Vladimir Putin has delayed his flagship $360bn national investment plan by six years as the coronavirus pandemic pitches Russia into recession and leaves a hole in the federal budget.
Mr Putin unveiled the so-called National Projects two years ago as a much-needed Rbs25.7tn ($362bn) injection into the Russian economy, and promised it would lift stagnant living standards and drive up moribund GDP growth to exceed the global average by 2024.
The decision to delay the initiative, billed by the Kremlin as Mr Putin’s primary domestic objective during his current term as president, is the starkest sign yet of the damage the Covid-19 pandemic is wreaking on Russia’s economy and the long-term impact on the country’s budget revenues.
It is also a volte-face on Mr Putin’s pledge earlier this year to boost short-term spending as he sought to revive his sagging public ratings, and comes just a few weeks after he won a national vote endorsing a new constitution that will allow him to ignore previous term limits and rule for another 16 years.
Postponing the investment bonanza is likely to further delay Russia’s recovery from a six-year economic funk and means real household incomes are likely to continue to fall, potentially deepening public discontent that has fuelled a series of protests against Mr Putin over the past year.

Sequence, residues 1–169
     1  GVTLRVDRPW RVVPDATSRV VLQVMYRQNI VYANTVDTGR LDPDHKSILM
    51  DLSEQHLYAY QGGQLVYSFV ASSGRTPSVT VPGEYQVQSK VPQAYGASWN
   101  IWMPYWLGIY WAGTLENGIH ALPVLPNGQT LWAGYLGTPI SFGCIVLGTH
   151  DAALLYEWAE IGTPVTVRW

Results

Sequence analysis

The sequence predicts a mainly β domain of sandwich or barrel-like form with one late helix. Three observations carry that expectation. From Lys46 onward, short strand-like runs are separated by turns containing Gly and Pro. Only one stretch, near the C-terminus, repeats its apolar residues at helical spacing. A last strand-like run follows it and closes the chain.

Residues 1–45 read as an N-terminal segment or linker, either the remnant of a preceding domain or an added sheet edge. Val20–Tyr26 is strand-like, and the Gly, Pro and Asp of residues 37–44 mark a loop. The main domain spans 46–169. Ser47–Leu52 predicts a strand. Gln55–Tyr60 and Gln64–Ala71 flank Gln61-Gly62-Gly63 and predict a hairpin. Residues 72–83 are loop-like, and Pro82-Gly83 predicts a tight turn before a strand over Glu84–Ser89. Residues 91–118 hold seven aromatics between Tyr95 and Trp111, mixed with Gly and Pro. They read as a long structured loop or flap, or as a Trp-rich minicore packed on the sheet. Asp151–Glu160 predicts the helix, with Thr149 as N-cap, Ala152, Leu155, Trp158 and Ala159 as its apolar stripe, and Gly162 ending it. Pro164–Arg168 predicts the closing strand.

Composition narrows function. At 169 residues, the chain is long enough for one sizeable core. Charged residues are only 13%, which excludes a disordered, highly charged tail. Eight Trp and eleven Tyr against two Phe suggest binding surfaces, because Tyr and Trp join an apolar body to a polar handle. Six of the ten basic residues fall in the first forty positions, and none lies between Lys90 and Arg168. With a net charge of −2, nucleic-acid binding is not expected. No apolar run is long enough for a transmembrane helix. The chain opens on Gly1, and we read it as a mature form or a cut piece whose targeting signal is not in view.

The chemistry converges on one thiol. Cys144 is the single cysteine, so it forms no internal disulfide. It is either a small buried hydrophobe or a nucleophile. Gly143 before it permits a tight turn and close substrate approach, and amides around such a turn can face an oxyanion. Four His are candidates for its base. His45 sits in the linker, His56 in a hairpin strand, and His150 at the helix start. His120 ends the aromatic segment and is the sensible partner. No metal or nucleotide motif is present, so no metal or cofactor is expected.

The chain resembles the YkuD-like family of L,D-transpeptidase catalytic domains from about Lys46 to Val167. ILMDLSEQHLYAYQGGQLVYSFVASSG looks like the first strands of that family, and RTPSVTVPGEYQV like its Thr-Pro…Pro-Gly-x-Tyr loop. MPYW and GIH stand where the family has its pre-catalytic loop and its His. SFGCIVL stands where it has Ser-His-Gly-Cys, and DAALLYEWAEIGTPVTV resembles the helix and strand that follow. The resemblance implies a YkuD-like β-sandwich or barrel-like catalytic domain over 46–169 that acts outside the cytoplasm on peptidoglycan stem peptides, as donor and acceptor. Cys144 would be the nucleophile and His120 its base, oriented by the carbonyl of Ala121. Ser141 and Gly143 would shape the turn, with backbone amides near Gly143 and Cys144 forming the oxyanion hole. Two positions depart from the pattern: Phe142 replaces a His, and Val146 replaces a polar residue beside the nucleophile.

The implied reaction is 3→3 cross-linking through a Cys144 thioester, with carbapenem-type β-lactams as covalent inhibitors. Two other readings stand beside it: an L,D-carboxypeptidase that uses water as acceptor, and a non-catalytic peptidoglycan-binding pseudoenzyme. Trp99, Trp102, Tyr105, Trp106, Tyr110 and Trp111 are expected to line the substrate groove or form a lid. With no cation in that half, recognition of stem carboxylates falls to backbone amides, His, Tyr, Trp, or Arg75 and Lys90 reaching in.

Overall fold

Analysts have pointed to a recent surge in arrests and detentions of political opponents, journalists and activists as a sign that the Kremlin will seek to combat public discontent with force rather than handouts.
“We have to work under tighter budget constraints,” prime minister Mikhail Mishustin told Mr Putin in a televised meeting on Monday.
“The spread of the coronavirus and its consequences for the global economy and our country . . . have created new limits, slowing economic growth and constricting consolidated budget revenues,” he added, before Mr Putin endorsed his suggestion that the National Projects deadline should be extended to 2030.
Russia’s domestic lockdown to prevent the spread of Covid-19 and a global slowdown that has hit demand for its natural resource exports are set to see the country’s economy contract by 6 per cent this year, according to World Bank forecasts, and only begin to recover in 2022.
In addition, a plunge in oil prices caused by a global collapse in demand for fuel from drivers, airlines and shippers is expected to result in a $40bn shortfall in budget revenues this year.
The Kremlin’s decision to save cash by delaying the National Projects plan comes as other European governments roll out massive stimulus programmes to help their economies bounce back from the pandemic.
Western sanctions imposed on Russia after its 2014 annexation of Crimea restrict Moscow from borrowing on international debt markets, and Mr Putin has resisted tapping the country’s $170bn national wealth fund, fearing that it will be necessary to protect against potential future sanctions.